By What Authority? Part 2

The Bible and Civil Disobedience / Divine Obedience – Part 2 of 3

(Excerpted from Ched Myers, Sojourners May 1983)

[Note: Part 2 focuses on the life and ministry of Jesus]

Call to Worship
L: "The kin-dom of God is among you." (Luke 17:21)
P: Let us gather together and search it out.
L: "Your kin-dom come. Your will be done, on earth as it is in heaven." (Matthew 6:10)
P: Let us seek to do the will of God and, in doing so, welcome God's kin-dom.

"Lamb of God"

Reader 1:
The singular model for civil disobedience for the Christian is the ministry of Jesus, much of which can be understood as calculated confrontation with the socio-political powers of his day in two phases: 1) his ministry in Galilee and 2) his final days in Jerusalem.

Reader 2:
Mark's gospel presents us with a Jesus who systematically assaults the social order of first-century Jewish Palestine.
• Jesus takes on the rigid social caste system of clean and unclean by calling a tax collector into his discipleship community, touching a leper, and sharing table fellowship with a variety of outcasts (Mark 1 and 2);
• He attacks the symbolic center of synagogue Judaism, the Sabbath, by healing a man's hand in violation of Sabbath laws (Mark 3);
• He challenges the authority of kinship regulations (Mark 3:31-35) and the claim of the wealthy and educated to their social and religious status (Mark 10:17-23;12:28-34).
In each case, the act is public and carefully planned to address the various aspects of the social world in which Jesus lived. Jewish religious law was the law of the land at that time. There was no "secular realm," only a foreign colonizer (Rome). Thus, Jesus' sequence of action is a dramatic and protracted "civil disobedience campaign" challenging the foundation of Jewish social order.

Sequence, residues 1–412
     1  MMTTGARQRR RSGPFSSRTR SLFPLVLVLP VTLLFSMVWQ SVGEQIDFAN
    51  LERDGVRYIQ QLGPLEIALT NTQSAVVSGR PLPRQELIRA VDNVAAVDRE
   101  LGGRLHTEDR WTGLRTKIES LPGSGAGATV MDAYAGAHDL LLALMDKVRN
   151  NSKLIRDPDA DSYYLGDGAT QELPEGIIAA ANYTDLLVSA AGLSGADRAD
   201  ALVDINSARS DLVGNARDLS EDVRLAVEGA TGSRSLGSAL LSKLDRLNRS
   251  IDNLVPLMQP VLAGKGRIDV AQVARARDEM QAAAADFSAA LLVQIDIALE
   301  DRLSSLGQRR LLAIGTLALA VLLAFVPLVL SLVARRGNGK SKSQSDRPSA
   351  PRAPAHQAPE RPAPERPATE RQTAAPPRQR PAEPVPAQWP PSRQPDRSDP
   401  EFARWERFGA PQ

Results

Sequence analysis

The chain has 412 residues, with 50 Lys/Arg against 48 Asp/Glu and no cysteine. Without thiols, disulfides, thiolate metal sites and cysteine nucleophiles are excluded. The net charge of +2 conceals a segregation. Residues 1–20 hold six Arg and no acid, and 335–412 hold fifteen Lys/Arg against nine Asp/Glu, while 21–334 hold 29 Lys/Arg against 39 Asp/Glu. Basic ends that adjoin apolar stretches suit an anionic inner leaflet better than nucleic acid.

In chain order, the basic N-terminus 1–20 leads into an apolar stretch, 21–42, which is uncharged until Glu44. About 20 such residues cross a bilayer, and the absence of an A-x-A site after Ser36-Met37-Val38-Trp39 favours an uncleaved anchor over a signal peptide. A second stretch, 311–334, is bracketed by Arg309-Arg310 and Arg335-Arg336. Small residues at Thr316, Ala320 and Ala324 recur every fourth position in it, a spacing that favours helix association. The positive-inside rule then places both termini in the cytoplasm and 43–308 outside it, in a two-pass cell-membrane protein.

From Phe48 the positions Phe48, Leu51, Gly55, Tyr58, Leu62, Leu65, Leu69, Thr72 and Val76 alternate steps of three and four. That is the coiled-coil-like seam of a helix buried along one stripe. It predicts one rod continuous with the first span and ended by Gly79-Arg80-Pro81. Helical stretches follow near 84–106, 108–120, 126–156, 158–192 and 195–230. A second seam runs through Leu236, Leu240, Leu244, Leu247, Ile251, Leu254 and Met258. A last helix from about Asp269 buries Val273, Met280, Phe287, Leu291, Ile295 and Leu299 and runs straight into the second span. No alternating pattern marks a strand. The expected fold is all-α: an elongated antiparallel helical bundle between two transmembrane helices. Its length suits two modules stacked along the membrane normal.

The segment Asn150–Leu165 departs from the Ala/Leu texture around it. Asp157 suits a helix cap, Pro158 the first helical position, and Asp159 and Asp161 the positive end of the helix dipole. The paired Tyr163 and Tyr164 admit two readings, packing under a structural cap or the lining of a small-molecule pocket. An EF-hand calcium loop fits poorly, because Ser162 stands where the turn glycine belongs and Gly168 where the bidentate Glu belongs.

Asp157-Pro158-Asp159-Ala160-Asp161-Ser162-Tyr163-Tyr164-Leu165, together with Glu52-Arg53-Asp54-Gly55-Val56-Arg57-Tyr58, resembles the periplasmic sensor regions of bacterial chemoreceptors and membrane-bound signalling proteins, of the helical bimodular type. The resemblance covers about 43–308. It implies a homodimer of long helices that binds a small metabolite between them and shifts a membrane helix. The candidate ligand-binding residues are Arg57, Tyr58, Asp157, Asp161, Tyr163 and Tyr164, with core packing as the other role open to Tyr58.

Reader 3:
Jesus' campaign is finally directed at the center of power, Jerusalem (Luke 9:51-56) where he carries out another sequence of highly symbolic and politically crafted actions beginning with his entrance on a donkey and lament over Jerusalem's imminent demise (Luke 19:28-44). Then comes Jesus' most dramatic and provocative action – the "cleansing"of the temple (Luke 19:45-48).
The temple was the political and economic heart of Jewish social formation. To take action to shut down its commerce completely and denigrate its operation was a bold interpretation of the prophetic tradition of civil disobedience.
Civil disobedience is most potent when it provokes a crisis of authority. Those in power are outraged at Jesus' audacity to undermine their legitimacy and assert the new authority of the reign of God. They arrest him, bring him to trial, collaborate with the occupying Roman authorities to convict him and impose a form of capital punishment reserved for political dissidents – the cross.
Even that doesn't end Jesus' challenge. After his execution by the authorities God raises Jesus. "Resurrection was illegal. When the state puts you to death, you are supposed to stay dead." (Tom Cordaro, To Wake the Nation).

Silence (about the time of three slow, deep breaths)

How does Myers' view of Jesus intersect with your understandings of Jesus? Who are the authorities today needing to be challenged by those called to nonviolent direct action?

(Closing in unison) God, grant all of us the strength to reject despair so that our imaginations are available to the great ministry of nonviolent action.

"For the Healing of the Nations"